RTD upholstery shop steps up to design, craft COVID-19 masks for colleagues


On an average day, the skilled employees at RTD’s District Shops location are inspecting safety systems, maneuvering hulking engine blocks or shearing off durable fabrics for row after row of bus seats.

But there have been no average days since COVID-19 hit the metro area early this winter. Everyone at RTD has adapted to life-changing alterations of schedules, assignments, routines and personal health. So the employees in the upholstery shop and other maintenance workers figured they could take advantage of the disruption to their daily work to help out their colleagues.

Now, the upholstery shop is producing dozens of potentially life-saving face masks every day, to be distributed to fellow mechanics and maintenance crew members for following federal and state health recommendations about wearing masks outside the home.

"The effort began when one of the mechanics, Bela Boros, asked why we can’t make masks in-house, like everybody’s making at home," said Orlo Petersen, upholstery shop manager. "They ran it up the chain, and they said go ahead, give it a try.”

The mechanics and upholsterers found a pattern and process that seemed to work well in YouTube videos, and started making some test models from fabrics on the upholstery shop shelves. Those proved a bit unwieldy for both manufacturing and wearing, so the creative scavengers found some polyester material at a Walmart.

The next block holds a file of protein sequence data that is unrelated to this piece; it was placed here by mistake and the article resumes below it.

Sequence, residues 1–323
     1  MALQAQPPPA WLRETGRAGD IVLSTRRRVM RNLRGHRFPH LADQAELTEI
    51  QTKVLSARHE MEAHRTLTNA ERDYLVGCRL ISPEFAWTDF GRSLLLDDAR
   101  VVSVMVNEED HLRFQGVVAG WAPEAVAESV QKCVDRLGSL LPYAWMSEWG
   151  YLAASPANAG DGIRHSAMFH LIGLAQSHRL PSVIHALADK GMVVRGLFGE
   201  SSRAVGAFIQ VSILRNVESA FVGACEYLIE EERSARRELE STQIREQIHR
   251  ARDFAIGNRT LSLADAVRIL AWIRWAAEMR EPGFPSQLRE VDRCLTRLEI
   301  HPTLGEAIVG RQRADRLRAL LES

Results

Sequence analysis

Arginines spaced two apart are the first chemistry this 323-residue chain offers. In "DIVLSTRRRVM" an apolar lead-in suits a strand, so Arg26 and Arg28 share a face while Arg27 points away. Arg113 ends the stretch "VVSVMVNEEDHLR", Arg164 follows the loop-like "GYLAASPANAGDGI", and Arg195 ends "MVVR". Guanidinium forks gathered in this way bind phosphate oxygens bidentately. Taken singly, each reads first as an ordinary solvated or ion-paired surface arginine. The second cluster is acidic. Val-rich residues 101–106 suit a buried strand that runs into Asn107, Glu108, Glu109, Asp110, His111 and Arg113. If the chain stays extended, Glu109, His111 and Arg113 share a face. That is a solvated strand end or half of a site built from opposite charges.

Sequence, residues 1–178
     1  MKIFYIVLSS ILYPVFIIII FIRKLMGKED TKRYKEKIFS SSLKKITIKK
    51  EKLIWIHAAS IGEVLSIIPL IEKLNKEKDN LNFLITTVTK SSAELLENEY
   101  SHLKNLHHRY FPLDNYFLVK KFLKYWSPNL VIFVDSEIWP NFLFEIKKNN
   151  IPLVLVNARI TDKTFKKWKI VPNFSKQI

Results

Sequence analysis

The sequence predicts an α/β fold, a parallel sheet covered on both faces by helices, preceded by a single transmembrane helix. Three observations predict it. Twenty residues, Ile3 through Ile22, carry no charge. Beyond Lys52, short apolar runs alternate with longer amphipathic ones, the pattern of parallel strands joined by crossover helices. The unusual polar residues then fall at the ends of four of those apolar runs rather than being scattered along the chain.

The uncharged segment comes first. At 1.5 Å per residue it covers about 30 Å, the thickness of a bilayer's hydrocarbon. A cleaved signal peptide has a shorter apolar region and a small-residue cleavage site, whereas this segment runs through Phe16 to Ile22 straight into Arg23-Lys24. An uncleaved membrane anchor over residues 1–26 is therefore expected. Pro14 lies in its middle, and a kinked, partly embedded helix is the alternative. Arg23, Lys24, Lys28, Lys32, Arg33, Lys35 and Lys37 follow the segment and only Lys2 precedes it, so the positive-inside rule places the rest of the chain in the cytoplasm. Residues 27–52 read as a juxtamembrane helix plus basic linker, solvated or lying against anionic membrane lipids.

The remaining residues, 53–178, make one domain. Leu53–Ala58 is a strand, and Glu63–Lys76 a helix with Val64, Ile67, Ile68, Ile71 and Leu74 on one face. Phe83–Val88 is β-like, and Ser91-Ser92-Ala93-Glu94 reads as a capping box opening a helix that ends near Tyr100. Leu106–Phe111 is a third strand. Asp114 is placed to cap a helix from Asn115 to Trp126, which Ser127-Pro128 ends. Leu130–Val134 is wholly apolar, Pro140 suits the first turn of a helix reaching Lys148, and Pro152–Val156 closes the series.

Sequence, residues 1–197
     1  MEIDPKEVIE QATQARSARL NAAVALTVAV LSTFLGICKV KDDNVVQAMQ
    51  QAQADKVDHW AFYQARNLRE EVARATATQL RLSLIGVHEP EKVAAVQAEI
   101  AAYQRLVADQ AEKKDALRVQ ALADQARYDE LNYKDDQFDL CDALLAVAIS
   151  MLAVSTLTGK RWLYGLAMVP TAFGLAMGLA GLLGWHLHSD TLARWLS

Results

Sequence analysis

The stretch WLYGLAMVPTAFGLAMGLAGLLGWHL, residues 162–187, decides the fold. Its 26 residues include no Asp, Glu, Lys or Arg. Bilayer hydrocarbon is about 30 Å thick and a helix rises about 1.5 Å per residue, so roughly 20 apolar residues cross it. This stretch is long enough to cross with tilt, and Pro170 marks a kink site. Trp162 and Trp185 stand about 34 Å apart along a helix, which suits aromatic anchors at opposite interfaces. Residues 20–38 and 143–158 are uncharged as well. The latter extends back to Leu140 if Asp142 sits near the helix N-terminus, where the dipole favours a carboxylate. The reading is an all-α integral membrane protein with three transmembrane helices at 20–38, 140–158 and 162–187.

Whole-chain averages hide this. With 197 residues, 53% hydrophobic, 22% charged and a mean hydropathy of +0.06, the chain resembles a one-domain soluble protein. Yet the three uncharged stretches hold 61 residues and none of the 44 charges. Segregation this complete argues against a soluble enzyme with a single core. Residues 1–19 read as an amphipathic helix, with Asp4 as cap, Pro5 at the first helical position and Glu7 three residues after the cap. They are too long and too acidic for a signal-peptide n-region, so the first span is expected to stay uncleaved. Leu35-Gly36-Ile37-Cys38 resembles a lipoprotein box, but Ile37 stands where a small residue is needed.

“There wasn’t much left” even of that, Petersen said. Currently, some more manageable cotton twill material is on order through the internet.

The need for these masks is great, as RTD is trying to preserve as many medical-standard, N95 particulate masks as it can for operators who deal with the public. Health authorities have said non-medical fabric masks can also make a difference in coronavirus transmission, so RTD has sought enough of those masks for up to 2,000 employees.

Though the upholstery shop has created an informal assembly line for the work, each piece still must be cut and put together by hand. Mechanics and upholsterers work from the patterns when time allows, with one person cutting fabric, another adding straps, and a third stitching the materials together on shop machines.

It takes about 35 cents worth of fabric and 10 to 15 minutes of labor to finish a mask, Petersen estimates. About 150 have been made so far – that are usable, he said, laughing.

“We had some we were making and they just didn’t work very well; the guys had to learn to do it themselves,” Petersen said.

Now, he added, “we have a usable product. It’s not quite as fancy as a professional seamstress might make, but it’s usable and functional.”